In a nutshell, these early painters of this late nineteenth century movement were renegades and rule breakers. They stepped away from the traditional rules of academic painting and constructed their paintings freely, allowing color to take precedence over lines and contours.

The critics hated it.

This movement began in Paris where artists like Claude Monet abandoned stuffy studios to paint outside. Kristine said that they wanted to get outside, breathe the air and capture the light as it illuminated the world quickly and before it faded.

“They wanted to paint the world as it is right now,” she said.

That meant they worked quickly and focused on the present in a way that had not been done before. She showed us paintings of the sea that evoked all the senses. I could almost smell the salt air and feel it on my face. I could hear the lapping waves and feel the sand in my toes. It was a taste of a summer day captured 150 years ago.

No one wanted to show these artists’ work because they thought it was silly and rudimentary. One critic compared it to a child’s work.

This painting “Impression, Sunrise“ by Monet actually inspired the name Impressionists.

Kristine said a critic actually began calling these painters Impressionists as a criticism, a taunt. He was making fun of them but they loved it and the name stuck.

If you are fortunate enough to stand before one of these paintings in a museum, stand close and study what you see. It’s all color and globs of paint.

Now take a step back. Close your eyes and open them slowly.

Kristine encouraged us to play pretend.

Pretend that you’re just waking up. You know that moment when you’re still drowsy and slowly opening your eyes? The world is a bit blurry but your senses are still absorbing sound, smell and light.

That’s what the Impressionists are all about. It’s a glimpse of an instant and it’s lovely.

Ironically, the Impressionists have gained steam over the decades and are among the most sought after works in most museums. I snapped this picture at the National Gallery of Art in Washington while tourists were lining up for pictures. It’s incredible seeing people so excited about art.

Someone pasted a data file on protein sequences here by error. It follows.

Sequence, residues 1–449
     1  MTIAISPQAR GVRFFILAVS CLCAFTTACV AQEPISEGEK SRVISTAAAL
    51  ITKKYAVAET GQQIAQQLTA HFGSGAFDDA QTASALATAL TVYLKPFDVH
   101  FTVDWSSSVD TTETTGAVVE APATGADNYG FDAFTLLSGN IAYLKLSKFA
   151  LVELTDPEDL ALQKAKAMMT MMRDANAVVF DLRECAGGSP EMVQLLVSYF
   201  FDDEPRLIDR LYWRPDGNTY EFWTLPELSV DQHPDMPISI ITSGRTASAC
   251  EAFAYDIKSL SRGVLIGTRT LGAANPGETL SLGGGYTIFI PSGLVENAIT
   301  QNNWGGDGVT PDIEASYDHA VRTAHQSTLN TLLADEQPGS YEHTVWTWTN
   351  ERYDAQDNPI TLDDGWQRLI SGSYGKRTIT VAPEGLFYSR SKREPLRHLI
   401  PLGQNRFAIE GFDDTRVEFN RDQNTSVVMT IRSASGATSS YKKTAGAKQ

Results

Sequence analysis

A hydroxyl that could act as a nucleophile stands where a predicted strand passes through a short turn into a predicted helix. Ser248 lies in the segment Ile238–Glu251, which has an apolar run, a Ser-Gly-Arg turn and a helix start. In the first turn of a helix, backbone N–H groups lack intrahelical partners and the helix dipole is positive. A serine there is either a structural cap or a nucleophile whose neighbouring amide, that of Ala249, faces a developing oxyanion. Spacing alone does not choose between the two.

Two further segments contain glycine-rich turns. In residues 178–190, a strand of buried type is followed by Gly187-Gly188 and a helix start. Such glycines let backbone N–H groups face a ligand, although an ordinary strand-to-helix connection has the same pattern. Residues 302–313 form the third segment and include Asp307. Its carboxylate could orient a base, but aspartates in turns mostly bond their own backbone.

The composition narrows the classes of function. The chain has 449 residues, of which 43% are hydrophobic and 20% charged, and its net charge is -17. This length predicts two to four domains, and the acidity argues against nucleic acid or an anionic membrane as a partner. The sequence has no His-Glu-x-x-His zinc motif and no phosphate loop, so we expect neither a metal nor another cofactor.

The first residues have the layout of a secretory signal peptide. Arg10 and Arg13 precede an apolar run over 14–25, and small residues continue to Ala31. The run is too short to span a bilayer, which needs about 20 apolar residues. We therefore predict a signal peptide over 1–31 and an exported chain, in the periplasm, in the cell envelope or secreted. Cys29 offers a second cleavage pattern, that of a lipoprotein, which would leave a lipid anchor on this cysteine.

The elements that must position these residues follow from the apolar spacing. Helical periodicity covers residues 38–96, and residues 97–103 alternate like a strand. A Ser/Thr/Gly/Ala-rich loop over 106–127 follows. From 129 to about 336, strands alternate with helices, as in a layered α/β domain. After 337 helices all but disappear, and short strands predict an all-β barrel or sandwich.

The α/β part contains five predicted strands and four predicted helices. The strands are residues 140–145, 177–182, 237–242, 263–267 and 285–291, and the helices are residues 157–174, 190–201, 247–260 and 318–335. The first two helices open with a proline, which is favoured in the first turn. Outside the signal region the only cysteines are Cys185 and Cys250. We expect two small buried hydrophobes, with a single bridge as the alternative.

It’s Never Too Late

Van Gogh only painted for the last ten years is his life. He started at the age of 27 and painted over 2,000 pieces including some of the world’s great masterpieces

You know what that means?

It’s never too late to embrace your passion. We clearly can’t all be Van Gogh but we can start a new hobby, peruse a better career and get to work on what matters.

If not today, then when?

Around Here

Around here, it has been cold and snowy. I have been enjoying hibernation, trying to balance relaxation with tending to my own health and wellness.

I have been taking the easy way out where dinner is concerned. This bag of stir fry is a step up from the egg sandwich and fistful of chocolate I would rather be eating when I’m cold and tired.

This book has been keeping my mind engaged.

As always, Scout keeps me on my toes.

I joined in a free art history webinar the other day and got a nice overview of the progression of early art through the Impressionists who happen to be my favorite artists.

This is a famous Claude Monet painting that I was lucky to see in Washington DC last year.

The webinar instructor had a down to earth approach to art and a wonderful ability to simplify big topics. If I had hundreds of extra dollars I would sign up for a paying course she offers on the Impressionists. She gave voice to what I have long felt but didn’t understand about these lovely works of art. I’ll talk about that another day.

For now, I’m trying to find a balance between work and home, self care and doing as I please, healthy skepticism and unhealthy mental ruts.

Winter is a time of hibernation. We recede into our homes as animals take to their dens. Even the hardiest of plants conserve their energy and rest in anticipation of brighter days ahead. Aside from a few walks, I have been happily hibernating and wondering what kind of rebirth might accompany the arrival of spring.

Around here, life is pretty good these days